Painting on Cement Surfaces.

Manufacturer and builder 8, 1891

The Wiener Bauindustrie-Zeitung gives some useful information about painting on surfaces plastered with cement. As every one knows, oil-paint on a cemented surface is likely to be thrown off by the formation of crystals beneath it; while, if it stays in place, it usually presents a mottled appearance, owing to the unequal absortion of the oil from the paint by the cement. The common way of remedying both these difficulties has been to wash the cement surface with acid before painting it. This dissolces any crystas that may have formed, and acts upon those spots in the cement which have become slightly carbonated by the action of the atmosphere, so as to restore the absorbent quality, which the formation of superficial carbonate tends to diminish. Where acid is used, it should be sulphuric acid, made very dilute. Muriatic or acetic acid, which are often employed, leave the cemented surface impregnated with chloride of calcium, or acetate of lime, both of which are very deliquescent, and, by keeping the surface damp, prevent proper adhesion of the paint.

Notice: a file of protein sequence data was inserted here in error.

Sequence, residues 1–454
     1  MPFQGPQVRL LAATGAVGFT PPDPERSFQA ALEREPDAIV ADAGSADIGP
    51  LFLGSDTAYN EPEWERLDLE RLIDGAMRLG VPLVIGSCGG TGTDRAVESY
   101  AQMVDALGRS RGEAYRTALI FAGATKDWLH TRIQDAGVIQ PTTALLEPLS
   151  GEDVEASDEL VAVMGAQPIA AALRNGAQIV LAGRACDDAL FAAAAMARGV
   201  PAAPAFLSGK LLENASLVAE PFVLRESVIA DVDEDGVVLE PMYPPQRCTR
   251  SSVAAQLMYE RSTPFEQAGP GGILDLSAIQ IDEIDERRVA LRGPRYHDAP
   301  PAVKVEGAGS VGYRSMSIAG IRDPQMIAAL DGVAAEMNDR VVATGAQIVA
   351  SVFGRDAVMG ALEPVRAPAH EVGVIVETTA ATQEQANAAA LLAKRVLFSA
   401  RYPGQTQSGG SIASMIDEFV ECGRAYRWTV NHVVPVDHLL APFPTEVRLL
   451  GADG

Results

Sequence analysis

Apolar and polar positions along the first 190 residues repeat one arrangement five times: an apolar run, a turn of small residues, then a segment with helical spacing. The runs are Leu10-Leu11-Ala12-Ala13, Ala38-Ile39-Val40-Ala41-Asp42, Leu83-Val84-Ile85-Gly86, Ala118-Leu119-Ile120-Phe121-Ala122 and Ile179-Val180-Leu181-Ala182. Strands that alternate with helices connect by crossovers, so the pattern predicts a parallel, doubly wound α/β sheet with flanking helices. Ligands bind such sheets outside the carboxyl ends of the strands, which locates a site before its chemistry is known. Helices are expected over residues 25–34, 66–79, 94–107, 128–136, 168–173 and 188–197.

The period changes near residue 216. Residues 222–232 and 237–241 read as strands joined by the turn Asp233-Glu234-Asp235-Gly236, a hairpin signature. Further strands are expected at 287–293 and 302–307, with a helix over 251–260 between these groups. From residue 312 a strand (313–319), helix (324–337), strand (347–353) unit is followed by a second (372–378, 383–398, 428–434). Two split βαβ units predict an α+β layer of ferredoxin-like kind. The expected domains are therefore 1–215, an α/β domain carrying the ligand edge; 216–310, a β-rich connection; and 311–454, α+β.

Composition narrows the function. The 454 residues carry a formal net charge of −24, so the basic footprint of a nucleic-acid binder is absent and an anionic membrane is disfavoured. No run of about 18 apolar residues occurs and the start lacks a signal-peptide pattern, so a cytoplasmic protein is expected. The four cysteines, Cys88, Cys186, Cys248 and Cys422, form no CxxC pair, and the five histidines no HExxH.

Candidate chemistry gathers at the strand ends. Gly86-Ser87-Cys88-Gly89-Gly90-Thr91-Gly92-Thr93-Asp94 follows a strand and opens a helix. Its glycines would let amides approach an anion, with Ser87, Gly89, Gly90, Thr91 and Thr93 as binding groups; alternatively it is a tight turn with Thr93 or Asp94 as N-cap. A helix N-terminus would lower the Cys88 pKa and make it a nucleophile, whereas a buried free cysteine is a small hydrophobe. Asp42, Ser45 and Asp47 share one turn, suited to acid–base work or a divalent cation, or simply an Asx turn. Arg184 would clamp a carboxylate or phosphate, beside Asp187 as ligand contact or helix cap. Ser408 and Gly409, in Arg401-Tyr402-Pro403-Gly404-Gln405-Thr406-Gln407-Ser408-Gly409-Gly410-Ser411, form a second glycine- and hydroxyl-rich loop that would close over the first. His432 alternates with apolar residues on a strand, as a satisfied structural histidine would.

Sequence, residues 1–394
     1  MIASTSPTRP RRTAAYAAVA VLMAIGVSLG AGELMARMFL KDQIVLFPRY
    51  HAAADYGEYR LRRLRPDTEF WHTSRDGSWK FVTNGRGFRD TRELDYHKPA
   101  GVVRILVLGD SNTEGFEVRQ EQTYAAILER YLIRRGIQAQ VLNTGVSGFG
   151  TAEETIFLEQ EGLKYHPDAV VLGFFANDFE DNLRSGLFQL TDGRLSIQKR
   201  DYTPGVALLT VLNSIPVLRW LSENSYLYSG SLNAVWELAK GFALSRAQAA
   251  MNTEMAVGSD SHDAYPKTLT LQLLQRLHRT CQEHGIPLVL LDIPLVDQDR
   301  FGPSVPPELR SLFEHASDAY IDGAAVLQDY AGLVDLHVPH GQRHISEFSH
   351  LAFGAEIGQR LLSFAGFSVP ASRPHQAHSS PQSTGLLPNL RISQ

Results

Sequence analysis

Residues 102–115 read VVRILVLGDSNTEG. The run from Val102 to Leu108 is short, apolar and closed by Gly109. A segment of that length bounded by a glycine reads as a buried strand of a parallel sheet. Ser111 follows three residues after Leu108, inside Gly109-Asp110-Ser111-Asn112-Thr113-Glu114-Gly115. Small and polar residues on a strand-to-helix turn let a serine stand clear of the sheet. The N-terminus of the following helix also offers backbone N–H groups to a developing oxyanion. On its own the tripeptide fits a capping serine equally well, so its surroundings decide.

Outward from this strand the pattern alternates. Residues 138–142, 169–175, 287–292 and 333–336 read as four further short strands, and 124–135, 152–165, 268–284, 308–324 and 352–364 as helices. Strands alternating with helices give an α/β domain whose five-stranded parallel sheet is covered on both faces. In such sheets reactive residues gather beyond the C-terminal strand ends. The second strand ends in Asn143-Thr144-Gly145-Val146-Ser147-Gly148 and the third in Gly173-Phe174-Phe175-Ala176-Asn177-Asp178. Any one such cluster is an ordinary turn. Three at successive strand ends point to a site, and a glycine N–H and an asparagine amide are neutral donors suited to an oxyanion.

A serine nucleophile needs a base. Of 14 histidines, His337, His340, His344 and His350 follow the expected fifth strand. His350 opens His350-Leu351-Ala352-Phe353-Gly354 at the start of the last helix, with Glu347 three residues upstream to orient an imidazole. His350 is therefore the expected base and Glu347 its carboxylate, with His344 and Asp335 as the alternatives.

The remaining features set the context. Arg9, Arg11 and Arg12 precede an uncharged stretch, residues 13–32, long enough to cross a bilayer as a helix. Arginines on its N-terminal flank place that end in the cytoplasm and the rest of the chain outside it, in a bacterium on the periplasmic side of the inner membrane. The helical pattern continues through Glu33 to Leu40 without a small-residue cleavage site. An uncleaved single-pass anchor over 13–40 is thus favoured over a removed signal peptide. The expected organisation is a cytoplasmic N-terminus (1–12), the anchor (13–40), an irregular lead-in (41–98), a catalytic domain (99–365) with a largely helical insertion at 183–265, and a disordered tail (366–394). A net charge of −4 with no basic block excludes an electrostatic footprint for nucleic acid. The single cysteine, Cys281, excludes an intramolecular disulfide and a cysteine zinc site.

A better application even than sulphuric acid, is, however, to be found in carbonate of ammonia. The crystals of the ammonia carbonate should be exposed to the air until they efflorensce partially into a white powder, which is a bicarbonate, and are more suitable for the purpose than the original carbonate. One hundred grammes of the ammonia salt - about a quarter of a pound - should be dissolved in nine quarts of cold water, and the cement surface washed with the solution. As soon as it is dry, the paint may be applied, and will adhere well, and resist the action of the atmosphere. The carbonate of ammonia is best applied when the cement surface is about three weeks old. For preparing surfaces, perhaps older than this, or more exposed to the weather, silicate of soda is sometimes useful. This should be prepared by dissolving the syrupy silicate of soda of commerce in four times its bulk of water. Three coats should be applied, and, after the last, the wall must be thoroughly washed, so as to remove every trace of silicate from the surface, or it will effloresce, and throw off the paint.

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